Electronic Thesis and Dissertation Repository

Degree

Master of Engineering Science

Program

Chemical and Biochemical Engineering

Supervisor

Hugo I. de Lasa

Abstract

Opaque fluids have a limited irradiation transmission. Thus, their decontamination employing near UV irradiation poses significant technical challenges. In the present study, a thin UV-transparent/waterproof glue layer coated with a 1.5 wt% of TiO2 and a new PhotoReactor Cell were implemented. TiO2 irradiation in the PhotoReactor Cell was effected on the TiO2 particle side, not directly in contact with the fluid, allowing the postulation of an “h+” site mobility mechanism on photocatalysis.

Photocatalytic degradation experiments with malic and malonic acid in water at 10, 20, 30 and 40 ppm showed the complete degradation of malic acid after 5 to 8 hours. Its minimum concentration was reached with the maximum concentration of malonic acid formed. Mass transfer effects and photolysis were found to be negligible in this setup. Macroscopic balance measurements showed that 92% of the irradiation was absorbed by the TiO2-film and quantum yields as high as 14.2-17.4% were obtained.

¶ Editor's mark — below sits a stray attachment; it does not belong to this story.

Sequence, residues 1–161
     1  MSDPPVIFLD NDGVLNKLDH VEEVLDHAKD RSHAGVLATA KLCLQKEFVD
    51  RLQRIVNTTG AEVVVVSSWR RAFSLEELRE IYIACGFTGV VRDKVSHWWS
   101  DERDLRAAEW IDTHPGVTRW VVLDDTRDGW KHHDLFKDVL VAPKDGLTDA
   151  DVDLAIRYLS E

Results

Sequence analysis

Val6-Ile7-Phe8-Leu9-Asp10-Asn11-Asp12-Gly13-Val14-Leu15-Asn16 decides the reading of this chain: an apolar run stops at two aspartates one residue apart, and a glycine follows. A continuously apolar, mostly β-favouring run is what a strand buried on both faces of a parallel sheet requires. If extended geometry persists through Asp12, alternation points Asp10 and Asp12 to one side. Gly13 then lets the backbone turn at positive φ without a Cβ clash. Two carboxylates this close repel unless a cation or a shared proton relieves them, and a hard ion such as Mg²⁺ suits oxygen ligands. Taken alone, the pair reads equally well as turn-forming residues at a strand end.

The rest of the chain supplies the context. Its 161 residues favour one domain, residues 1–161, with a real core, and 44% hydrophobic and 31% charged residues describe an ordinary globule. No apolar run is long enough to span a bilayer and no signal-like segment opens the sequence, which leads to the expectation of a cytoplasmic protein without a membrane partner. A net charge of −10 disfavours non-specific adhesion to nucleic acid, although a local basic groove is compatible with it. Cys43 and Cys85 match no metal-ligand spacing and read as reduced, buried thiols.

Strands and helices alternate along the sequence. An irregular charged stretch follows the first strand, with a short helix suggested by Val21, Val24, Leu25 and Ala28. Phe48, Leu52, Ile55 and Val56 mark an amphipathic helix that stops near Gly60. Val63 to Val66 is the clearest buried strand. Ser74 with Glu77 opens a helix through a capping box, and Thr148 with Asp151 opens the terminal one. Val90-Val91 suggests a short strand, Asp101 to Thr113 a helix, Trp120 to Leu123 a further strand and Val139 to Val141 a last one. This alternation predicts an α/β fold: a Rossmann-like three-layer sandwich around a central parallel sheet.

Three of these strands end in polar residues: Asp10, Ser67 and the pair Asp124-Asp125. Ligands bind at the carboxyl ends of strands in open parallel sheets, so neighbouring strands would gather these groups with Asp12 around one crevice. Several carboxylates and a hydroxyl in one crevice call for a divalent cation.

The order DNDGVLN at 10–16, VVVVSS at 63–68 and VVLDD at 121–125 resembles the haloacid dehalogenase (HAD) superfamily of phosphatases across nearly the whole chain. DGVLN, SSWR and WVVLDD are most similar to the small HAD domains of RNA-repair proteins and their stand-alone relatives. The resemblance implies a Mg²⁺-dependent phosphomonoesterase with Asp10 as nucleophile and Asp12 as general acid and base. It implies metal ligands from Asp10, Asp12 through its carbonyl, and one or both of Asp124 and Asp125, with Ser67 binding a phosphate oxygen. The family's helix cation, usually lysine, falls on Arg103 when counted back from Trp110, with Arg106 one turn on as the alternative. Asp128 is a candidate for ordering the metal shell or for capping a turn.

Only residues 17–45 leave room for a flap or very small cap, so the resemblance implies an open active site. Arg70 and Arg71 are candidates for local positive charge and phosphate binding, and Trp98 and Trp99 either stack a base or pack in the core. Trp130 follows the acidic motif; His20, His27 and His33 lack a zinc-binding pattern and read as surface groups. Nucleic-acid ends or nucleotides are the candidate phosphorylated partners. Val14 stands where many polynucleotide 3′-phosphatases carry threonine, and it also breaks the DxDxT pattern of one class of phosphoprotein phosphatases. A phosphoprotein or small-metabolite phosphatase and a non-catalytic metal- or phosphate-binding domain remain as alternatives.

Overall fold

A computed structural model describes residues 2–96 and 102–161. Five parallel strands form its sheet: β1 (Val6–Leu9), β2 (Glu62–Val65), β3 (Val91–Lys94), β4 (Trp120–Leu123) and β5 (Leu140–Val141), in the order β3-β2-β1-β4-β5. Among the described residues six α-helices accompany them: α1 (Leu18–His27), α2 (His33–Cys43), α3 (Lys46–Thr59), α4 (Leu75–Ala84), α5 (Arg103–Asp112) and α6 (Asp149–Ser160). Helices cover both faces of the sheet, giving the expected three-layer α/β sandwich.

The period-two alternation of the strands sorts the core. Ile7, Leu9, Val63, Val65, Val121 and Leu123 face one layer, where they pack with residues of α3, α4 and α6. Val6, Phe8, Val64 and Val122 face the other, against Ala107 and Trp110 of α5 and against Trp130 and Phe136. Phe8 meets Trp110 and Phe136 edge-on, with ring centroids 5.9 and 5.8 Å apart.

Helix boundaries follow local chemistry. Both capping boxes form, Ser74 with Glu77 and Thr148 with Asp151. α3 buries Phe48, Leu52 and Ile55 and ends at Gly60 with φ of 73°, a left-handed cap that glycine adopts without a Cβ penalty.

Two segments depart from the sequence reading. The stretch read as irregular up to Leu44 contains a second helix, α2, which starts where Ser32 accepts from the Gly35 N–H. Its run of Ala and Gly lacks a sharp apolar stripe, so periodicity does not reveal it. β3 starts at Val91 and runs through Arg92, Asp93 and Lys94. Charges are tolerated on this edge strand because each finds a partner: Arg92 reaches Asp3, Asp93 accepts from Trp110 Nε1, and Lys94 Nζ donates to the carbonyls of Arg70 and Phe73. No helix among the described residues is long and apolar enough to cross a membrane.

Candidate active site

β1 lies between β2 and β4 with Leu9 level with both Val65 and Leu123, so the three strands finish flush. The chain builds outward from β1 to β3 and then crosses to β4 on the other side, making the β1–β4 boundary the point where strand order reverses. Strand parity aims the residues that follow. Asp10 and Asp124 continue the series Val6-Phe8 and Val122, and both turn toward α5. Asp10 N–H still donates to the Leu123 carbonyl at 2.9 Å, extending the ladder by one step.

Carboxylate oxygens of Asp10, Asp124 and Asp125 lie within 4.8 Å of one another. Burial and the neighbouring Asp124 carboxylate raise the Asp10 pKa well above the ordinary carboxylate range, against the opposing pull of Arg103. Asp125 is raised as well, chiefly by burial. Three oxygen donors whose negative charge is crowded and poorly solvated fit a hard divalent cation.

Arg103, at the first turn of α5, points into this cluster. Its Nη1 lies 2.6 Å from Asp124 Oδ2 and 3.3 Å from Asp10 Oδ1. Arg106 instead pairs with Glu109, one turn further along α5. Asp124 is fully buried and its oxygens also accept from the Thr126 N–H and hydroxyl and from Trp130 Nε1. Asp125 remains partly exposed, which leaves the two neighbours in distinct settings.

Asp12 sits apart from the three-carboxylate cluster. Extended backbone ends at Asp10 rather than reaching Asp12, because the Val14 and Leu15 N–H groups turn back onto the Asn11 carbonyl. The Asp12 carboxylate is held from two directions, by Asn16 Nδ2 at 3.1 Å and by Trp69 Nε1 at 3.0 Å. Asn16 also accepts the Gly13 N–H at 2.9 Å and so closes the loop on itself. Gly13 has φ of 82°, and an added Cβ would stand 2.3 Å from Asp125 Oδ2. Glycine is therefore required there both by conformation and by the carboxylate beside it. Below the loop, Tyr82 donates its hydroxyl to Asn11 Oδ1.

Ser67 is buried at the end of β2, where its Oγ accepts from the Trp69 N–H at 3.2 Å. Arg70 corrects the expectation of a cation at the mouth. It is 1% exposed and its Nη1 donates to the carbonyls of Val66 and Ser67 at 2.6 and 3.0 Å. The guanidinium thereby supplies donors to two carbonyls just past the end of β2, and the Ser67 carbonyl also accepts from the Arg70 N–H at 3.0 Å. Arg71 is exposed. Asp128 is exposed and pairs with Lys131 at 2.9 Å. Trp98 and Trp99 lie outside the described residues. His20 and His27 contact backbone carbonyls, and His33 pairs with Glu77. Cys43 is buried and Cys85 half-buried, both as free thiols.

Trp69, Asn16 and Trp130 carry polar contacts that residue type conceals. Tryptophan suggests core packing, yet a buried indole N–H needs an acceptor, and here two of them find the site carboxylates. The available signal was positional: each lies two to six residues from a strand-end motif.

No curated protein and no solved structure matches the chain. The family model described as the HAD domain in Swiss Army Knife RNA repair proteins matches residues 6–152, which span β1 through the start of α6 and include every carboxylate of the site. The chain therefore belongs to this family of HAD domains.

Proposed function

The “Series-Parallel” kinetic mechanism was found to better predict the photocatalytic degradation of malic acid. It was found that the sensory attributes of apple juice were preserved with irradiation times being limit to 1 hour of exposure time. This time was proved by some authors to be sufficient to promote the 5-log CFU/ml microbial reduction, required by the FDA (21CFR120.24, 2012).


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